1. Spouse Selection
3. The Marriage Contract
4. Celebrating the Marriage
5. The Walimah
6. Consummating the Marriage
Selecting a Wife
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In Islam, a man is given some choice in regard to Marriage. Allah Subhana wa ta'ala says:
If you fear that you will not deal justly with the orphan girls, then marry whatever pleases you of (other) women: two or three or four. But if you wear that you will not be just (with them) then (marry) only one woman, or those that your right hands possess (of captive and slaves). That is better in preventing you from doing injustice.
However, "whatever pleases you of women" is a general directive that is further clarified in many texts of the Qur'an and Sunnah. There are certain important qualities that a man should seek in the women whom he wants to be his life-partner and the mother of his children.
In what follows we mention the most important of those qualities...
Selecting a Husband
The Prophet (sallallahu alayhi wasallam) instructed the guardians of women to marry them to men of good Din (Religion) and character. When a man of righteousness and good character seeks to marry a woman, he should be seriously considered.
Abu Hurayrah, Ibn Umar and Abu Hatim al-Muzani (radia Allahu anhum) reported that the Prophet (sallallahu alayhi wasallam) said:
If a man comes to you seeking marriage, and you are satisfied with his Din (Religion) and character, marry him - lest a fitnah (harm) and great destruction become rampant on the Earth.
[Recorded by at-Tirmithi, Ibn Majah, and others.
Verified to be hasan by al-Albani (Sahih ul-Jami no. 270 and
as-Sahihah no. 1022)]
When a man finds a woman of good attributes for Marriage, his next step would be to propose to her or her family. We call this "courting" or "khitbah" ; it is the act of asking for a woman's hand in Marriage. Depending on the situation, the interested man may personally approach the woman or her representatives, or may ask some of his relatives or friends to represent him in that.
If a man's proposal is accepted, the woman is considered "engaged" to him. This "engagement" counts as a legally unbinding attachment that precedes the full and binding attachment of the Marriage contract. Even though an approved khitbah is not legally binding upon two parties, it still constitutes a mutual pledge for Marriage; and breaking it without a valid reason would be an immoral act of dishonesty.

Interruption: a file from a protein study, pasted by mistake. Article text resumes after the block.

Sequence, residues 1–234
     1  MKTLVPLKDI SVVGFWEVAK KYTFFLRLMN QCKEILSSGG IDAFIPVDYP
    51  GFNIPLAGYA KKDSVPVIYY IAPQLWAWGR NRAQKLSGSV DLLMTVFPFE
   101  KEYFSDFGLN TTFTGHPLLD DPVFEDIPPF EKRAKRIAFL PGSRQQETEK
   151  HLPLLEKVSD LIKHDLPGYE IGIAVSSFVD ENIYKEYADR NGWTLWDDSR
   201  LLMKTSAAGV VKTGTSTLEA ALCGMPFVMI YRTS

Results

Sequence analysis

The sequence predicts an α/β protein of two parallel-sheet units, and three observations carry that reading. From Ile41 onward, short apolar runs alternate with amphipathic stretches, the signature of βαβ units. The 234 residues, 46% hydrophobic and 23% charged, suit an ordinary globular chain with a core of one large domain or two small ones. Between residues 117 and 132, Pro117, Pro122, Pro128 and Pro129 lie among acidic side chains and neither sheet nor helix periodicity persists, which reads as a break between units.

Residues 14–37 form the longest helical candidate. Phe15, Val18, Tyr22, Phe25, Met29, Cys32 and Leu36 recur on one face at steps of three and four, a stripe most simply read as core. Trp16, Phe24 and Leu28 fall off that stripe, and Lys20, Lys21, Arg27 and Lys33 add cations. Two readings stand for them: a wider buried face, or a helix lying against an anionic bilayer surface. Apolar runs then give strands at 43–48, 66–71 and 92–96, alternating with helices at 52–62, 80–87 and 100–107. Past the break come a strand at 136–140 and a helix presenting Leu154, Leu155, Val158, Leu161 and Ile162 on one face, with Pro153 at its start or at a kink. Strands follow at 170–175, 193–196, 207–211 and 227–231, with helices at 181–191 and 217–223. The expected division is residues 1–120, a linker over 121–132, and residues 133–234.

A valid reason for breaking a khitbah would be for the bride's side to discover a serious problem in the bridegroom of which they were not aware when they gave their approval. Similarly, if the bridegroom discovers a problem in the bride that he did not know of when he asked for her hand, he may take that as grounds for breaking the khitbah.
The Marriage (or Nikah) contract is enacted between a man and woman for the purpose of enjoying each other and forming a good family. The Marriage contract is the formal bond that turns two individuals from strangers to husband and wife. As a result of the Marriage contract, many rights and obligations become imperative and many fruits are anticipated.
To many people, the Marriage contract is the most important contract they execture throughout their lives. Each Marriage contract normally carries a lsting effect over a large number of individuals, many of them yet to be born.
Since the Marriage contract has such a great and solemn significance, Islam imposes a number of guidelines that it must fulfill.
Celebrating the Marriage
A Marriage contract marks the beginning of a new relationship between a man and a woman who had until recently been strangers.
Subsequently, the married couple may be seen together in public and, if the Marriage was not publicized, some people might have ill thoughts about them.
Because of this, it is important to make the Marriage public as possible, without going into extravagance and excessiveness.
Abudullah Bin az-Zubayr (radi Allahu anhu) reported that Allah's Messenger (sallallahu alayhi wasallam) said:
"Announce the Marriage."
[Recorded by Ahmad, Ibn Hibban, and others. Verified to be authentic by al-Albani (Adab uz-Zifaf, pg. 183)]
And as-Sa'ib Bin al-Aswad (radi Allahu anhu) reported that Allah's Messenger (sallallahu alayhi wasallam) said:
"Publicize the Marriage and announce it."
[Recorded by at-Tabarani (in al-Kabir) and others. Verified to be hasan by al-Albani (Sahih ul-Jami no. 1010, 1011 and as-Sahihah no. 1463)]
The Walimah (feast)
The Walimah (or wedding feast) is a meal offered by the husband to the friends and family after the consummation of Marriage.
The Walimah is wajib (obligatory) upon the husband.
Buraydah(radi Allahu anhu) reported that when Ali (radi Allahu anhu) married Fatimah, Allah's Messenger (sallallahu alayhi wasallam) said:
"Indeed, a wedding (or bridegroom) must have a Walimah."
So Sa'd said, "I will bring a ram." And another man said, "I will bring some corn."
[Recorded by Ahmad and an-Nasa'i. Verified to be authentic by al-Albani (Sahih ul-Jami no. 2419 and Adab uz-Zifaf pg. 144-145 )]
Consummating the Marriage
Prior to leaving the newlywed couple to themselves on their wedding night, it is important to give them advice regarding the Islamic guidelines for marital intimacy, rights and obligations between the spouses, and other issues of importance for them.
The husband should be extremely kind to his bride on their first night together, especially if she is a virgin. He should understand that this night marks the beginning of a totally new life for her. This may make her nervous and slow in cooperating with him. So, he should not brutally force himself on to her. If she does not appearr to be fully ready on the first night, he should work on easing her emotions while waiting for the ultimate union between them one or more days later - as might be necessary.